Quick Case Study

Neck Pain Persists Following ACDF

Neck-Pain-Persists-Following-ACDF Three months after undergoing C5-T1 anterior cervical discectomy and fusion (ACDF), an active 60-year-old man from Florida began to experience recurrent neck and left shoulder pain. In an attempt to resolve the pain and return to his daily activities, he tried physical therapy, over-the-counter medications, muscle relaxants, steroids, and epidural injections, but his pain persisted. The patient traveled to Duke to consult with Michael Haglund, MD, PhD, a neurosurgeon who specializes in cervical spine disease.

Computed tomography at Duke confirmed solid fusion at all 3 levels but incomplete fusion at C6-C7. Magnetic resonance imaging (MRI) revealed a moderate disc herniation at the C4-C5 level, and flexion-extension cervical spine plain films showed hypermobility at the same level.

Question: How was the source of the patient’s pain confirmed, and what minimally invasive approach did Haglund take to resolve it?

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Answer: C4-C5 bilateral facet joint injection temporarily alleviated the patient’s pain, confirming the source of the pain as the hypermobility at C4-C5, rather than pseudoarthrosis. Haglund performed a minimally invasive posterior cervical fusion with the DTRAX cervical cage system (Providence Medical Technology, Pleasanton, CA).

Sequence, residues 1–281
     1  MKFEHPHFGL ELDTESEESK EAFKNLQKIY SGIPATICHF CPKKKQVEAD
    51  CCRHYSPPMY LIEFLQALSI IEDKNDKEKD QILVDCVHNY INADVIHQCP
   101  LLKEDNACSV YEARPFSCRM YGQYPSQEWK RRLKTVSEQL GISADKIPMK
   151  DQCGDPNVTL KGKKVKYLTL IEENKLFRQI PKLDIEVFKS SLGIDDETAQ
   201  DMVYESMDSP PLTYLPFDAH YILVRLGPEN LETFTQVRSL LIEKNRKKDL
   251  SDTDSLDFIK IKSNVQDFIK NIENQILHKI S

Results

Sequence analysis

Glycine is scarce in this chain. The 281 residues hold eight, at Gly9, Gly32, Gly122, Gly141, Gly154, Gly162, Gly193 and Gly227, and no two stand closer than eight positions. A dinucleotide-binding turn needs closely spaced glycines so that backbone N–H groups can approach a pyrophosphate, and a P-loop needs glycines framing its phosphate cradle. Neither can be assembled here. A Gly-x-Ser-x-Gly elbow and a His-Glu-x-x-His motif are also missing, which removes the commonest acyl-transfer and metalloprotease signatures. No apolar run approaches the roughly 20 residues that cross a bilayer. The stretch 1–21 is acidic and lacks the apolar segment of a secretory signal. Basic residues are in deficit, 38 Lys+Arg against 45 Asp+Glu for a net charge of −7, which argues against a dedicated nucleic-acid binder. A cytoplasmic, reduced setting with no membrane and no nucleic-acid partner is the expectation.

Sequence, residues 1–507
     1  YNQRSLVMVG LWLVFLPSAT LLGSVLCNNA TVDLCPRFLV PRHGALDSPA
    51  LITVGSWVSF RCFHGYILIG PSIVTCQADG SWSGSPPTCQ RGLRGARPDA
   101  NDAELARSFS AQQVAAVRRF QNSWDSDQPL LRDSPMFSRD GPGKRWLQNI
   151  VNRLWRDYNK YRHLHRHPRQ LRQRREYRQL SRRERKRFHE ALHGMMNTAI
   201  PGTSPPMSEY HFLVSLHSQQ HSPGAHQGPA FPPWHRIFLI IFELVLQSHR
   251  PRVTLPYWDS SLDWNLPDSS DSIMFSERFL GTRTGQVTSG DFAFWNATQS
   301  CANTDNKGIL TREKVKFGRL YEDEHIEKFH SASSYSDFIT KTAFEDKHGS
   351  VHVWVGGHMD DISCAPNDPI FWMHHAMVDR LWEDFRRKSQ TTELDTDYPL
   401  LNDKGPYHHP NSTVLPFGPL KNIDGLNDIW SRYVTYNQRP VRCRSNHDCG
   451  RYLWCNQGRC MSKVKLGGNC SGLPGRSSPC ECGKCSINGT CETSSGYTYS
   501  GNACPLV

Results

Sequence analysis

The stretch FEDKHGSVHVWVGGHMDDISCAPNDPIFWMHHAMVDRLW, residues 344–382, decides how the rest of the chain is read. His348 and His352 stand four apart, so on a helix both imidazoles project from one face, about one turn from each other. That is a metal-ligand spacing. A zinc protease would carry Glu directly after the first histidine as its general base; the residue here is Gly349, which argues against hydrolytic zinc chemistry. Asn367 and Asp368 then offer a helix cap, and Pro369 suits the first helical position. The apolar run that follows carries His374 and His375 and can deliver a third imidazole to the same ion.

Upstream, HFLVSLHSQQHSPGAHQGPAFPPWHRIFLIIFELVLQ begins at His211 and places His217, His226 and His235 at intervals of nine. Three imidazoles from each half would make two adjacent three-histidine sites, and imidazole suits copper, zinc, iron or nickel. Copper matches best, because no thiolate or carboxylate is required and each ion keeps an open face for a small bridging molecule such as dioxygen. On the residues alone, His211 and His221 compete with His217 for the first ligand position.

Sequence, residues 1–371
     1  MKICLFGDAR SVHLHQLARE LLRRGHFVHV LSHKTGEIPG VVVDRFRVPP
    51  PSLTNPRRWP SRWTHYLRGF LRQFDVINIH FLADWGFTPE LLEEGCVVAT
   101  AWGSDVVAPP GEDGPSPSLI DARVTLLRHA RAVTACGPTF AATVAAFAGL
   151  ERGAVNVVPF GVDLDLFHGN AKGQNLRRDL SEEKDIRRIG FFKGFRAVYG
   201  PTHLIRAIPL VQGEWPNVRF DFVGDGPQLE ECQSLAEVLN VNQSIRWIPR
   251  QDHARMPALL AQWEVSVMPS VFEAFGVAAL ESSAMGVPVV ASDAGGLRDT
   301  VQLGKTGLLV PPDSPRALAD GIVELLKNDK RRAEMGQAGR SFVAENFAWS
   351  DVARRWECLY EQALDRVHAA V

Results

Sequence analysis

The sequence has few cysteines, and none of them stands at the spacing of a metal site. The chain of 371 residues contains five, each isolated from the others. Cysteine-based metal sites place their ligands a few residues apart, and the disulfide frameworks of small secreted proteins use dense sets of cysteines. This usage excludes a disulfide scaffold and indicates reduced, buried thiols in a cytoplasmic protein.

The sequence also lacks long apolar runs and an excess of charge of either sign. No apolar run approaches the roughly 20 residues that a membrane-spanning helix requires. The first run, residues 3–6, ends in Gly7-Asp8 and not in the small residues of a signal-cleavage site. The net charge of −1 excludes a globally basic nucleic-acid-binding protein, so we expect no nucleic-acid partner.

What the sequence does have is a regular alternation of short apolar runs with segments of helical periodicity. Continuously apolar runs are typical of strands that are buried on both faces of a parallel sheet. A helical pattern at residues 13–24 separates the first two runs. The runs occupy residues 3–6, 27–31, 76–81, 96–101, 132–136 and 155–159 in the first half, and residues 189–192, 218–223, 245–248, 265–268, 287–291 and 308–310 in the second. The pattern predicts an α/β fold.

It was important that the patient undergo diagnostic testing and facet joint injection prior to surgery, Haglund notes. Without the tests, it might have been assumed that the patient’s pain was due to C6-C7 possible pseudarthrosis. However, more central to the success of the case, he says, was the DTRAX device, which enables surgeons to perform minimally invasive cervical fusions on patients whose pain persists or returns following ACDF.

“In the old days, which was all of 18 months ago, to help a patient like this, we’d have to go in from the front, take the whole plate off from the anterior fusion that wasn’t successful, and redo that level or approach posteriorly and split all the muscles in the neck and perform a posterior cervical decompression and fusion with instrumentation,” Haglund says. “You’re trying to get rid of neck pain, and what are you doing? You’re giving the patient possible significant neck pain. And if it didn’t fuse the first time, what’s your guarantee that it fuses the next time?”

The new device, by contrast, is much less invasive, requiring only a small incision—less than an inch—on either side of the neck and takes less than 30 minutes. In this case, the patient returned home the following day and was able to return to the golf course within a month.

“With this new technology, we have the opportunity to advance how we take care of patients with cervical spine disease,” Haglund says. “For someone like me who does more than 300 ACDFs a year, being able to have this in my armamentarium to avoid having to do bigger posterior fusions or big anterior removal of plates is a huge value added.”